Posted By AugustinD on 04/24/2021 12:23 PM
-- It does appear that in recent years, and per Florida law firm guidance, some Florida HOAs have lawfully amended their Declarations to prohibit sexual offenders as Owners.
Based on what CathyA3 posted, I checked the news articles I was reading. I misread. The ban on certain classes of sexual predators was on living at the HOA. The signs are that sexual predators may still own a home.
SheliaH
(Indiana)

Posts:4284


04/28/2021 6:56 AM  
Someone asked about this in my community years ago, and our association attorney said there wasn't much we could do. It would be different if we were close to a school, but the closest elementary school is about a half mile away. The best we could do is suggest that parents check an online website that states where sex offenders live (the ones who have to register and provide this information.

the attorney said If the association said the person lived in the community and some went after him or her, the association could risk being held liable, so our security officer (an off duty cop) suggested homeowners be told the association had no control over this and they'd have to educate their kids on stranger danger and that type of thing. A HOA in a suburb to the south of my area tried to pass an ordinance banning sex offenders altogether and found out quickly they couldn't do it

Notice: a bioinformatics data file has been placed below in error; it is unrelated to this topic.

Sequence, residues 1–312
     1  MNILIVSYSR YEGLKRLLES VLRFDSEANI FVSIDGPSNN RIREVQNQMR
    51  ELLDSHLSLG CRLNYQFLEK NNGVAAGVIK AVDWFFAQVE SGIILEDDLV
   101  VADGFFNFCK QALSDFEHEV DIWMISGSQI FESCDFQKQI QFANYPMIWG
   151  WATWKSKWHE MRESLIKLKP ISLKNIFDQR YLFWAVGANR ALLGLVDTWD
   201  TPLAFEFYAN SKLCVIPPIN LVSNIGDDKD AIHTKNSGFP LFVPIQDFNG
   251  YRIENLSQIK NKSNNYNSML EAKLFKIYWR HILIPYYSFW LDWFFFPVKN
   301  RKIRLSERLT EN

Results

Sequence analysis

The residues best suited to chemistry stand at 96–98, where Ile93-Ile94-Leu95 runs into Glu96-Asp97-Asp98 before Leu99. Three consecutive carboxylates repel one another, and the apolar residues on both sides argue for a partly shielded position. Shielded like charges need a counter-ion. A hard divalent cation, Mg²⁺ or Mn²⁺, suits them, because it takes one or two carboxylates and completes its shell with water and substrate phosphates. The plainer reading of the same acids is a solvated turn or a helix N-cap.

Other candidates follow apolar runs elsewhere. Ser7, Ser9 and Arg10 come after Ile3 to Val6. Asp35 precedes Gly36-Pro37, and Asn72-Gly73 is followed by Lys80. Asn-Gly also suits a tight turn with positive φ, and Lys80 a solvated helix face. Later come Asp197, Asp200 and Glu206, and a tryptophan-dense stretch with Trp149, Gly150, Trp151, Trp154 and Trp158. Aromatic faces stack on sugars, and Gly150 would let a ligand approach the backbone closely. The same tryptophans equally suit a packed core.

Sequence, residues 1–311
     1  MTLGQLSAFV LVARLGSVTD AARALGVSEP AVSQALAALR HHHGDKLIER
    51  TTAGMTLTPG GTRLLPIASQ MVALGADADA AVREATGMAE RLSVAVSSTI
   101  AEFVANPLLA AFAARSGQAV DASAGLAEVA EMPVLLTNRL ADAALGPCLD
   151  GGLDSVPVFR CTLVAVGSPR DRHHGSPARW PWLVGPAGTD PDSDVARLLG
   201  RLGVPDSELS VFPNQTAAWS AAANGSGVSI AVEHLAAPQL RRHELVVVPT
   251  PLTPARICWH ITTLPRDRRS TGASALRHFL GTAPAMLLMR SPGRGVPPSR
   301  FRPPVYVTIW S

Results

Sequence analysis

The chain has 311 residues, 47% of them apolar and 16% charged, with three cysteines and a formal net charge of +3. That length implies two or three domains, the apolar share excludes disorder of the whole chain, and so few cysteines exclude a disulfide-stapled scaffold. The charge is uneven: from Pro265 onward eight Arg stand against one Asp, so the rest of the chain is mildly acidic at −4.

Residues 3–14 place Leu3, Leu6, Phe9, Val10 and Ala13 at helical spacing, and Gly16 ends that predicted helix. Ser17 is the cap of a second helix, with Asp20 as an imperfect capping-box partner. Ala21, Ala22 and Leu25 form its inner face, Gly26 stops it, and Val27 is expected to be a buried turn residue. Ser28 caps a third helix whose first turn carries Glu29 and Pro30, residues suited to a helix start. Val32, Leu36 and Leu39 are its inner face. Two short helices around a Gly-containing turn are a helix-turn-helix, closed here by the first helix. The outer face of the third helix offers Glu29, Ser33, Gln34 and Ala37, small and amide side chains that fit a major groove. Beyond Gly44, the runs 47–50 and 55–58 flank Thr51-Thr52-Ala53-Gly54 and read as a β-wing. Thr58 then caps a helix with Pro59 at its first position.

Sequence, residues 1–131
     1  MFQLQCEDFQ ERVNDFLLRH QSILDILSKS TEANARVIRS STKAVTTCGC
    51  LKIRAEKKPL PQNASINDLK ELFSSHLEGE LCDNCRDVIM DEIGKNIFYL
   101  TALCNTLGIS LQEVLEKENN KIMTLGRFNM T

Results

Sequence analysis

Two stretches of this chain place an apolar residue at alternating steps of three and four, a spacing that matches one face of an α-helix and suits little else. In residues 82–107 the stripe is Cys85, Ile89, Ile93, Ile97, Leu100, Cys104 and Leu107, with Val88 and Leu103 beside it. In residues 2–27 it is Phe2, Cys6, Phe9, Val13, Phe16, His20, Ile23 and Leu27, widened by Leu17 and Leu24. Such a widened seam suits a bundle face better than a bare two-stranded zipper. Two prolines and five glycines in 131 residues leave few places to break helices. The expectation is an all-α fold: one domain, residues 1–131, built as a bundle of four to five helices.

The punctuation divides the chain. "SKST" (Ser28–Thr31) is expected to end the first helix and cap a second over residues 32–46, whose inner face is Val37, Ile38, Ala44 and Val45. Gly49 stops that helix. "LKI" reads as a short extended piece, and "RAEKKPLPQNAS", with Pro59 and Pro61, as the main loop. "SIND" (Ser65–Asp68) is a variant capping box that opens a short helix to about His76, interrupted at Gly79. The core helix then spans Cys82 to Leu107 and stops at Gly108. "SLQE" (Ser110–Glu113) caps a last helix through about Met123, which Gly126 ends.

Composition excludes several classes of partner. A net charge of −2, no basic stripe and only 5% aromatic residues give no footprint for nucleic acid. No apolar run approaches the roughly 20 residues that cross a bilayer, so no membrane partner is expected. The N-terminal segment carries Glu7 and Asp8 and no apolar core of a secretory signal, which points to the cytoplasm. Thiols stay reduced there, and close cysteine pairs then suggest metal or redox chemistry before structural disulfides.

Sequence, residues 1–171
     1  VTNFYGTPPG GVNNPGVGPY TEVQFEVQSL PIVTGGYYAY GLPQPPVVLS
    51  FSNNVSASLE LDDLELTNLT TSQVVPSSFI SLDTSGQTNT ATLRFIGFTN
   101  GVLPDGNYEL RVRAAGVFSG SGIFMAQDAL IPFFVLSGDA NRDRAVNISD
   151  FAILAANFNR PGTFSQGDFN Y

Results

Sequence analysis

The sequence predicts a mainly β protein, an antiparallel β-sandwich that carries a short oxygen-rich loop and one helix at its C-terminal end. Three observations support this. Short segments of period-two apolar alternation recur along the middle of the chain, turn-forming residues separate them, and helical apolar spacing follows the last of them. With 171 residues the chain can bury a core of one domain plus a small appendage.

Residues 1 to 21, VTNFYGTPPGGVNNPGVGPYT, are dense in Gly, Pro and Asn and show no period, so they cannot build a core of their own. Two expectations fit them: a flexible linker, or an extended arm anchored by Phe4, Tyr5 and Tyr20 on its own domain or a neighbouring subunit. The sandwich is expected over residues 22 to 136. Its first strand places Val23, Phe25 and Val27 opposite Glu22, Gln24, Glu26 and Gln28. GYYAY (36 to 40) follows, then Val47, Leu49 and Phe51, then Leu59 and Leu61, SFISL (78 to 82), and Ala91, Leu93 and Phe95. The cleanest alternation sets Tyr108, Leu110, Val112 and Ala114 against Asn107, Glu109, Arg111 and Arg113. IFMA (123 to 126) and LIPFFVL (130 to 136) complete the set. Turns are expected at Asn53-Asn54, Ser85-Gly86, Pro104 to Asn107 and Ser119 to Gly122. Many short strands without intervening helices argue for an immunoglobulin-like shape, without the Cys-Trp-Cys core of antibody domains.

In our case, someone rented a townhouse and I think the landlord found out about the conviction later (not from us) and terminated the lease.
SteveM9
(Massachusetts)

Posts:3615


07/04/2021 8:11 AM  
I just received the estoppel request today.




I would include a friendly brochure for the child care center with the estoppel letter. Very close by, only 1000 ft away.

If he still moves in after that, call the sheriff. Its a law enforcement issue.
LetA
(Nevada)

Posts:1462


07/04/2021 9:29 AM  
Not a damn thing you can do about it. I had a tier 2 offender live next to me. We weren't even properly notified by the police that a T2 was living next door. They lived there or should I say, that was their registered address. The renter even decorated for halloween which is a BIG no no and the police didn't do a damn thing. To top it off their home is less than 200 feet from the community pool. IMHO the only safe place for sex offenders, especially child predators is the dust tray for a crematory retort.